Monitor your cat closely over the next 24 hours for any return of symptoms. Snake venom can cause delayed reactions so ongoing observation is important.

Contact your vet again if there are any concerns about your cat’s condition after treatment. With proper care, most cats survive king snake bites.

When to Seek Help

If you suspect your cat has been bitten by a venomous snake like a rattlesnake, copperhead, or water moccasin, seek veterinary assistance immediately. Venomous snake bites can be fatal if left untreated. Call your veterinarian right away even if symptoms have not yet appeared.

According to the UC Davis Veterinary Medicine Health Topics library, signs your cat may have been envenomated include sudden weakness, collapse, dilated pupils, muscle tremors, swelling around the bite, bleeding from the fang marks, nausea, and elevated heart rate [1]. These symptoms can appear within minutes to hours after the bite.

Do not wait to see if symptoms develop or worsen. The longer venom circulates in the body before treatment, the higher the chance for potentially irreversible organ damage or death. Take your cat to the vet clinic immediately if bitten by a venomous snake.

Caring for Both King Snakes and Cats

Keeping both king snakes and cats in the same household requires some diligence to ensure their peaceful and safe coexistence. However, with proper care and precautions, these animals can thrive together.

First, make sure both pets are healthy and up-to-date on vaccinations and other preventative care. Monitor them closely for any signs of illness or unusual behavior. Provide each animal with its own secure habitat and supervised interactions.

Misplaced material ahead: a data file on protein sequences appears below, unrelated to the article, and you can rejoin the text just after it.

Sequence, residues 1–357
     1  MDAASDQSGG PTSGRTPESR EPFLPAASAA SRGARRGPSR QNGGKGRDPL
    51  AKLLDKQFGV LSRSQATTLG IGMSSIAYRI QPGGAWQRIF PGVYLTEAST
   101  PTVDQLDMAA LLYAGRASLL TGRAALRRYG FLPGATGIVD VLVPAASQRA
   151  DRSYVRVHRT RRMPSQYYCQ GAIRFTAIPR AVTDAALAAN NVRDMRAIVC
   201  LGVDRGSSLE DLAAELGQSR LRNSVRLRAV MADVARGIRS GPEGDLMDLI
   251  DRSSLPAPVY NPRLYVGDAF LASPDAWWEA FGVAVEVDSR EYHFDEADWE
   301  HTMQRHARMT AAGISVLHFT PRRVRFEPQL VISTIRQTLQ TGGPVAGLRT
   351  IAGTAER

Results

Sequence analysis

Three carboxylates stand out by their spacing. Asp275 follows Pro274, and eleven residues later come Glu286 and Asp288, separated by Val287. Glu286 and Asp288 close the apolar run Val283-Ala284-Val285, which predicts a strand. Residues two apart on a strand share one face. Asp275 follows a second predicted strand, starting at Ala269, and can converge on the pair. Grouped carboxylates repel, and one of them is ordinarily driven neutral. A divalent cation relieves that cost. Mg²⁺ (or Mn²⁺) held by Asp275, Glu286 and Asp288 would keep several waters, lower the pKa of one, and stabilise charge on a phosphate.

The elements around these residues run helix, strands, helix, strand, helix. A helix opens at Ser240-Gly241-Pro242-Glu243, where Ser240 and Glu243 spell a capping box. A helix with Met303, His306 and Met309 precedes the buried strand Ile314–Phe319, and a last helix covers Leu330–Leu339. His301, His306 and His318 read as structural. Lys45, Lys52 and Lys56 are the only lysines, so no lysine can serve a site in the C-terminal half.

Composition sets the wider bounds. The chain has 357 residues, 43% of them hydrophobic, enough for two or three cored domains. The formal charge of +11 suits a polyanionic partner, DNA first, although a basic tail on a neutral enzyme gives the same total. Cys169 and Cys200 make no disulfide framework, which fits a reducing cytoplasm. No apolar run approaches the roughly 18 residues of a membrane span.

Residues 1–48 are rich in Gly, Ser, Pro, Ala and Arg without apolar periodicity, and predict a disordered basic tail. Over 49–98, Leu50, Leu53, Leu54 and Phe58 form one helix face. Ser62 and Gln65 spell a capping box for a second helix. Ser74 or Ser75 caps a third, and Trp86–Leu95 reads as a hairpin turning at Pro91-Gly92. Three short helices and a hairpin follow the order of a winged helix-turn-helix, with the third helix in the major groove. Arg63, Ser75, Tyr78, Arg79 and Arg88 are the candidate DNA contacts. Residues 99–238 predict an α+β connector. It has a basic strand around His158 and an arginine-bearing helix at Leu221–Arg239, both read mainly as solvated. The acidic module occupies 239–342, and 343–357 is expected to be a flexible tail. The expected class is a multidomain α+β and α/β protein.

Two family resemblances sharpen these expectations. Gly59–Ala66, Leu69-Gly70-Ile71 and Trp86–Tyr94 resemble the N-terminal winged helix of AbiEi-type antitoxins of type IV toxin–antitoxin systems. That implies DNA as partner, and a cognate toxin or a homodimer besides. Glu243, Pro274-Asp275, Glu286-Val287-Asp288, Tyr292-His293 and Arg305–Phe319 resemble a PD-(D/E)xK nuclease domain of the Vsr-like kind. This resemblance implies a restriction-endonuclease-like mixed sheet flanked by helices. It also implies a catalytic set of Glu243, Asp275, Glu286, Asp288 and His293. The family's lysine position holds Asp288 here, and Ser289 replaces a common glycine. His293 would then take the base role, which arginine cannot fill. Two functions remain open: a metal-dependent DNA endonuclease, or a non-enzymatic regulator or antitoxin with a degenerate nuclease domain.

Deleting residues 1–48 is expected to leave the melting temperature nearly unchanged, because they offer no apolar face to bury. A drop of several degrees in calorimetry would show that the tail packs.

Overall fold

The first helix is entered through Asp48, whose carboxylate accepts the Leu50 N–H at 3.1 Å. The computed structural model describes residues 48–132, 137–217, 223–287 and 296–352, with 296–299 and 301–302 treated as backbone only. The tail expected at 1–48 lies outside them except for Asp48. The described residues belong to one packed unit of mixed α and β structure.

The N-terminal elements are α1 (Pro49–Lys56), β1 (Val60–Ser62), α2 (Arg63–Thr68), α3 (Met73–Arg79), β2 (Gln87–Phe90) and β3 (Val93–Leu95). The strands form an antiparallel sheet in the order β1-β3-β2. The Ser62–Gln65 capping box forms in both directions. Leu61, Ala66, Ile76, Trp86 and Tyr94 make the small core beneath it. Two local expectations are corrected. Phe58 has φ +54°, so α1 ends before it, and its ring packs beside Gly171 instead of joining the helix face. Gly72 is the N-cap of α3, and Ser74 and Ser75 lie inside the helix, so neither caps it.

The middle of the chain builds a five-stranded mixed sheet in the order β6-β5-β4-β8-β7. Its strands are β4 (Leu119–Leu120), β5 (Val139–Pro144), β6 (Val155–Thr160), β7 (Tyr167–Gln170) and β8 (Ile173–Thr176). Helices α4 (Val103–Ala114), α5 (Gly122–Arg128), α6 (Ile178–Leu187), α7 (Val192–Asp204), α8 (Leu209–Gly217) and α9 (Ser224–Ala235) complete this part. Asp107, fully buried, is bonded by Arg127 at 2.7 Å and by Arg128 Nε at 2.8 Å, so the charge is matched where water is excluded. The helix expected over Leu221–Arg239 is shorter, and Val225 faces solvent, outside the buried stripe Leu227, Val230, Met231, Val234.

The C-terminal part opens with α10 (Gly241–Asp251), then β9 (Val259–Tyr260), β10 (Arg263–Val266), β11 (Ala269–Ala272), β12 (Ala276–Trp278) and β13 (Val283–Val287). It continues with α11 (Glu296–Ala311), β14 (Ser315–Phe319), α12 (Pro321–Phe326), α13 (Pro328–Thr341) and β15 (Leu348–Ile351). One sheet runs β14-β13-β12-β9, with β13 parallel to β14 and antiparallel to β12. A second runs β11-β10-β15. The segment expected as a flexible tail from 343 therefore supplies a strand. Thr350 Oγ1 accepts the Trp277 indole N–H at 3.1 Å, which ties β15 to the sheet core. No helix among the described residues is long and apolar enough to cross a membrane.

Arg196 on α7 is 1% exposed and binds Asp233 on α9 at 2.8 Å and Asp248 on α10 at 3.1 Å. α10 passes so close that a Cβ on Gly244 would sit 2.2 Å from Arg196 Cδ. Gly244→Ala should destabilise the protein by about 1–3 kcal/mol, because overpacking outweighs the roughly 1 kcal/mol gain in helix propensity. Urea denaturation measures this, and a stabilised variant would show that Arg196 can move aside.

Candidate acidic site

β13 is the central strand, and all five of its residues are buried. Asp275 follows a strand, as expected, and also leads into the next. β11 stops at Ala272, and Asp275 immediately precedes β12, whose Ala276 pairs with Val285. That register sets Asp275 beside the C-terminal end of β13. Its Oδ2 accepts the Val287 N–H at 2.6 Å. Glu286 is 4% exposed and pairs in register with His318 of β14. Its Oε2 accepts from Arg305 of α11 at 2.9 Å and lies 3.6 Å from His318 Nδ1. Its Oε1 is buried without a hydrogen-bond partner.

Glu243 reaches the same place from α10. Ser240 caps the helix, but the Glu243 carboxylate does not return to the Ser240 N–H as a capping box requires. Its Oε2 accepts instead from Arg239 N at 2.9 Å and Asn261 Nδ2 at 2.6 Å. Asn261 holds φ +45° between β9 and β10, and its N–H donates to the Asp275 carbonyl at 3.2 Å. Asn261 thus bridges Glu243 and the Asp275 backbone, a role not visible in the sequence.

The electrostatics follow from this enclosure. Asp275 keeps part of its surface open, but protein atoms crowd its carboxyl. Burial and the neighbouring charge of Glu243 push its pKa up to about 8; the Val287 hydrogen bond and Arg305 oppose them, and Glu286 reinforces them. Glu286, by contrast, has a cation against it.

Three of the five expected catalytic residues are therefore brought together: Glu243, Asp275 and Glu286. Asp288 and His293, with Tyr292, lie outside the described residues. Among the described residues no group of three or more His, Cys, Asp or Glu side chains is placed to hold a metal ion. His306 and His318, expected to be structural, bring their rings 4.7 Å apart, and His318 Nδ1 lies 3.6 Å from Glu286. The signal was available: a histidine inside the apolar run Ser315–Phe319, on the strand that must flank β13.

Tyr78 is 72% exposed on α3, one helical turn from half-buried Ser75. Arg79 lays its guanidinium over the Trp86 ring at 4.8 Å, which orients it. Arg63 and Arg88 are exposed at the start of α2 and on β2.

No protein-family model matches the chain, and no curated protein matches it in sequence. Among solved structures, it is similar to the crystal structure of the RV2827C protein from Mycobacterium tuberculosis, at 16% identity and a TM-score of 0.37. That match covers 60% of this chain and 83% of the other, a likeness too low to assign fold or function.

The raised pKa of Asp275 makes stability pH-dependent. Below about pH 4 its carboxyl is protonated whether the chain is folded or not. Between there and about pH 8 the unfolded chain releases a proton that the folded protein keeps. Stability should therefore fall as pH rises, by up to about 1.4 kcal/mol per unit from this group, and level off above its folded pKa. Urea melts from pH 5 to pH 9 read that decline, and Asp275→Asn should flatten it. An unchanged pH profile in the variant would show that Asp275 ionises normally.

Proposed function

Offer appropriate housing, temperatures, humidity, lighting, enrichment, and diet for the king snake as outlined in king snake care guides ( Keep the snake enclosure secure and inaccessible to cats.

Ensure cats have designated scratching posts, perches, toys, and their own food and water stations. Cats should be spayed/neutered to decrease territorial behaviors. Provide litter boxes and keep their claws trimmed to reduce damage if interactions occur.

Never leave snakes and cats unsupervised together. Use secure lids on snake enclosures and keep cats out of the snake habitat. When handling the snake, isolate it in a room cats cannot access.

With planning and vigilance, king snakes and cats can live in the same home safely. The wellbeing of both animals should be prioritized by providing for their individual needs and preventing conflicts.


In summary, king snakes are non-venomous constrictors that typically only attack and eat smaller prey like mice, rats, and birds. They are not likely to view domestic cats as prey. While it is possible for a large king snake to kill a small kitten or injure an adult cat in self-defense, such occurrences seem to be very rare.

Most evidence indicates king snakes and cats can peacefully co-exist if proper precautions are taken, such as keeping the snake securely enclosed when unattended, monitoring their interactions, and providing hiding spots for the snake to feel secure. With proper care and planning, king snakes need not pose a major threat to cats in the home.

In the unlikely event a cat is bitten by a king snake, gently wash the wound with soap and water, monitor for signs of injury or infection, and contact a vet if symptoms develop. Overall, a mix of common sense, safe handling, and close supervision can allow cat and king snake owners to enjoy their unique pets.